IN­NO­CENT

The Covington News - - Lo­cal news -

was as­signed to work with the se­vere/ pro­found dis­abled stu­dents, who range in age from 16 to 21 years old but have the men­tal ca­pa­bil­i­ties of a tod­dler. All were non­ver­bal.

“ There is noth­ing cooler than see­ing a kid that came in at the be­gin­ning of the year and to­ward the end of the year be­ing able to pick up a spoon and feed him­self when he couldn’t at the be­gin­ning of the year. I’ll tell you right now, that is awe­some,” Der­rick said. “ It seems like very ba­sic stuff, but the main thing I was taught in school and in grad­u­ate school is that you need to try to make these chil­dren as in­de­pen­dent as pos­si­ble be­cause what that does is that helps them, that helps the fam­ily, that helps ev­ery­one that takes care of that kid.”

Mandy said it takes a spe­cial per­son and spe­cial train­ing to be able to ef­fi­ciently and com­pas­sion­ately deal with se­verely dis­abled stu­dents.

As a den­tal hy­gien­ist, she ad­mit­ted she would have no idea how to han­dle a spe­cial ed class­room, but that Der­rick was ex­cel­lent at it.

“ If they were un­com­fort­able, he knew ex­actly what to do to make them com­fort­able,” Mandy said. “ He knew how to teach them, he knew how to com­mu­ni­cate with them and you have to have a gift to be able to do that.”

Der­rick was well on his way to earn­ing a Master’s of Spe­cial Ed­u­ca­tion in March when deputies came to his class­room in the morn­ing and ar­rested him and the other ac­cused para­pro. He was taken to the county de­ten­tion cen­ter, pro­cessed and placed in a cell with an­other in­mate.

It was the first time he had ever been ar­rested.

“ I was raised by a preacher. I spent my whole life look­ing at the Bible and at what’s right and wrong and then this comes and just blind­sides you,” Der­rick said.

In shock, he de­cided to use his phone call to call his fa­ther-in-law, who he de­scribed as the “ rock” of the fam­ily. Af­ter the ini­tial as­ton­ish­ment, his fa­ther-in­law told him not to worry, that ev­ery­thing would be OK and that he would call the rest of the fam­ily.

Mandy was at work that Thurs­day when she re­ceived the call that Der­rick had been ar­rested.

“ We work a half a day on Thurs­days and he was ar­rested on a Thurs­day and all I can say is, I’m glad I didn’t have to see any pa­tients that af­ter­noon be­cause I prob­a­bly couldn’t have,” Mandy said. “ We’ve known each other our whole lives and I know there’s not a mean bone in his body. That’s why I couldn’t be­lieve some­body that knew him would say that he could do some­thing like that and try to hurt some­body else.”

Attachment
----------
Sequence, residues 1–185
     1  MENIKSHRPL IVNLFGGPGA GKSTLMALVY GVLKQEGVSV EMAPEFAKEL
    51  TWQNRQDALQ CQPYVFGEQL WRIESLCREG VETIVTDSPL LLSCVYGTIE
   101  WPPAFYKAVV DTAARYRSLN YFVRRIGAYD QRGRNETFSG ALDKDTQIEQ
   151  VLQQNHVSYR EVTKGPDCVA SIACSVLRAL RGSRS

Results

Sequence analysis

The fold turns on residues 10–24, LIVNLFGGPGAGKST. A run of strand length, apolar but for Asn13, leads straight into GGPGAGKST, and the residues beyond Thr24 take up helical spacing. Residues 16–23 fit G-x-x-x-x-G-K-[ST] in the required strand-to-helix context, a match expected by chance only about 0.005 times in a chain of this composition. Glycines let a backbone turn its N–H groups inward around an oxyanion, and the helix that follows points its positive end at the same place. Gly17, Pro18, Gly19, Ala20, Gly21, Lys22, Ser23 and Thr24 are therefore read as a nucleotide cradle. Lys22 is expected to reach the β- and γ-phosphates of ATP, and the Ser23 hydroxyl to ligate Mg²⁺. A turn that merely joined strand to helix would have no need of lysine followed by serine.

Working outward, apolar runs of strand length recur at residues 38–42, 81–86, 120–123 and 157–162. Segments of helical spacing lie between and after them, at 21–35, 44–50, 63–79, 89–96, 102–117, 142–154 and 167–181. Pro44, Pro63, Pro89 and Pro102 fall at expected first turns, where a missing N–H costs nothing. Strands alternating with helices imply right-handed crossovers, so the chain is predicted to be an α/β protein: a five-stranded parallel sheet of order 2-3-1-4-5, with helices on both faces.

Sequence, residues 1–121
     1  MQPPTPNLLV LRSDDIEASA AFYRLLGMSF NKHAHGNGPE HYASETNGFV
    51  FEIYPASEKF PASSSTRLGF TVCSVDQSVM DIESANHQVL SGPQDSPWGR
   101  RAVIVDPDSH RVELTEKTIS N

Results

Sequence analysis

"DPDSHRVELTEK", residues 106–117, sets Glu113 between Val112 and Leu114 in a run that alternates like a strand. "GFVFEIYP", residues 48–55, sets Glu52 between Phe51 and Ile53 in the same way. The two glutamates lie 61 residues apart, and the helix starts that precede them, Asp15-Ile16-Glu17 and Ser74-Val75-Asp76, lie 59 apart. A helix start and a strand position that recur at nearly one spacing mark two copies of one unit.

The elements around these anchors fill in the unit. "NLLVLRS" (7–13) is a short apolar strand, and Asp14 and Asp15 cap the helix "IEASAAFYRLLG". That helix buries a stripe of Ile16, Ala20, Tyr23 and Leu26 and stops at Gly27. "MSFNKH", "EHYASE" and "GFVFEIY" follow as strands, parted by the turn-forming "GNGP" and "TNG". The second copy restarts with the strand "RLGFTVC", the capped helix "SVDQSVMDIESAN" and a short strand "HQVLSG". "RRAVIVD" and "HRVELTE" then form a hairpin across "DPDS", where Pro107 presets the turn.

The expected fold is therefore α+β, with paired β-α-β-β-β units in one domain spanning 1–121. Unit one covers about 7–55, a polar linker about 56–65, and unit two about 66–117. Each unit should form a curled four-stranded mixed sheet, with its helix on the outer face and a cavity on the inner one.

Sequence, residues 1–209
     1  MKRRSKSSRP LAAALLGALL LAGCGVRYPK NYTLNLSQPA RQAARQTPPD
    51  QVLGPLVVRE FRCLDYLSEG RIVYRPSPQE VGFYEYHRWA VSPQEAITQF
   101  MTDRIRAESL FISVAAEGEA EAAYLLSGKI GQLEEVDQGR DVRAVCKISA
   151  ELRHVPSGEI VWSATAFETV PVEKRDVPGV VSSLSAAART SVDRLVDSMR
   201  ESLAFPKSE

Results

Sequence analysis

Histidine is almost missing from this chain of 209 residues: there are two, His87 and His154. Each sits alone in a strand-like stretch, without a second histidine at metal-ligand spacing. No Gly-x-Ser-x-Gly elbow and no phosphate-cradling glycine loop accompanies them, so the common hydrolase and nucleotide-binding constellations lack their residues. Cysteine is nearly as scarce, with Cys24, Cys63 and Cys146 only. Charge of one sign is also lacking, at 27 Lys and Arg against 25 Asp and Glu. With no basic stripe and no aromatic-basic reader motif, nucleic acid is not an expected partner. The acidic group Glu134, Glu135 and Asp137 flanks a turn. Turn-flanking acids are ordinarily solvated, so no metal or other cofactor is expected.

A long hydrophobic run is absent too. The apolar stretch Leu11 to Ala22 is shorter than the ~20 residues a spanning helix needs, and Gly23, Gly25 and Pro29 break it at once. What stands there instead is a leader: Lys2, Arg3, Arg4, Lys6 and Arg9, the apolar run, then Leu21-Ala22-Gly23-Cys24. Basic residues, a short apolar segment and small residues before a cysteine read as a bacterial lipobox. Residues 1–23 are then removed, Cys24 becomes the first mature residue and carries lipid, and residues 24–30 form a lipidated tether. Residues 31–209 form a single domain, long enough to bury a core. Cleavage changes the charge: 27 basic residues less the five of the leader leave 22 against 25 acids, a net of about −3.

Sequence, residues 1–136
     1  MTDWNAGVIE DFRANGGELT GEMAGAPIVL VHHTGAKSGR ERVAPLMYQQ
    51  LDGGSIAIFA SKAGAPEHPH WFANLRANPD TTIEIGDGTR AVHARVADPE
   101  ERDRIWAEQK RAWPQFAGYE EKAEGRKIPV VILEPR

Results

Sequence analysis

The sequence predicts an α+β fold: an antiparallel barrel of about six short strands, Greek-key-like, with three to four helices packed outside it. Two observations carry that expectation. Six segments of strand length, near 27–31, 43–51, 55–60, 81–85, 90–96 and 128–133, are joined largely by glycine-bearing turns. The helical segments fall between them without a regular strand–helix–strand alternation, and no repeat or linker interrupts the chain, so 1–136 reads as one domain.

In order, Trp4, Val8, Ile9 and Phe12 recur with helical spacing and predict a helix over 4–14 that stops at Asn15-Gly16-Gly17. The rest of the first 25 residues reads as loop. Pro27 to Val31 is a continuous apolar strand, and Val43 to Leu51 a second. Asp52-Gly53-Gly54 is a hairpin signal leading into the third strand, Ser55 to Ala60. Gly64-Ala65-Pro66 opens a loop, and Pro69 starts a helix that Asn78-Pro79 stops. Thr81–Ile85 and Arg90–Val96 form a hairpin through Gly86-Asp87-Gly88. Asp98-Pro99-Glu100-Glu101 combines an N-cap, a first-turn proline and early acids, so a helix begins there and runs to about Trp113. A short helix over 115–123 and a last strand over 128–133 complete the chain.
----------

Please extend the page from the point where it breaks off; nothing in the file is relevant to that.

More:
Der­rick and Mandy said they later learned that the in­ves­ti­ga­tion into the al­le­ga­tions be­gan the day af­ter he was ar­rested and that proper pro­ce­dures were not fol­lowed in re­port­ing the in­ci­dent. Ap­par­ently, ac­cord­ing to the Roberts, sev­eral links in the chain of com­mand were skipped over by the ac­cus­ing em­ployee.

“ We don’t want to point any fin­gers, but the main prob­lem here is that the pro­ce­dures that are in the school sys­tem that are in place to stop some­thing like this did not get fol­lowed,” Der­rick said. “ That’s the thing that’s crazy to us is that any­one can ac­cuse you of any­thing and the per­son who is the ac­cuser doesn’t have to pay for it.”

Mean­while, Der­rick re­signed from the job he cher­ished and Mandy missed sev­eral days of work to at­tend court dates with him. Be­cause Der­rick has al­ways worked two jobs, he was never with­out a pay­check. How­ever, he was out of the class­room and off the field he loved.

“ We try to re­main pos­i­tive people,” Mandy said. “ We be­lieve that ev­ery­thing in our life hap­pens for a rea­son and so even though some­times you don’t know what that rea­son is, you be­lieve that God is lead­ing you some­where.”

Out­side of neg­a­tive news­pa­per and tele­vi­sion cov­er­age, Der­rick and Mandi said col­leagues, par­ents, stu­dents and friends ral­lied around them in sup­port. They said with­out en­cour­age­ment and faith from the community, they prob­a­bly would have moved away from Cov­ing­ton.

“ Ev­ery­body that knows me and un­der­stands me, knows that I’m all about tak­ing care of kids,” Der­rick said.

The Roberts said they are plan­ning to en­joy Christ­mas this year. Der­rick has no im­me­di­ate plan to re­turn to ed­u­ca­tion, although he did fin­ish his mas­ters in May.

He said the hard­est part of the en­tire or­deal was know­ing how much Mandy and his fam­ily were wor­ry­ing about him. He said the ex­pe­ri­ence taught him how strong his mar­riage is. Both Der­rick and Mandy said they now re­al­ize how quickly life can change.

“ I love foot­ball so much be­cause life and foot­ball are so much alike in that from one play to an­other or one day to an­other you don’t know what’s go­ing to hap­pen — you don’t know if you’re go­ing to make that tackle, you don’t know if you’re go­ing to catch that ball, but if you work hard things are go­ing to go your way and even­tu­ally you’re go­ing to win that game or you’re go­ing to be a suc­cess­ful per­son,” Der­rick said. “ That’s what I taught my kids and what I still talk to my play­ers about. You just work as hard as you pos­si­bly can and see where that yard line is and that’s it.”

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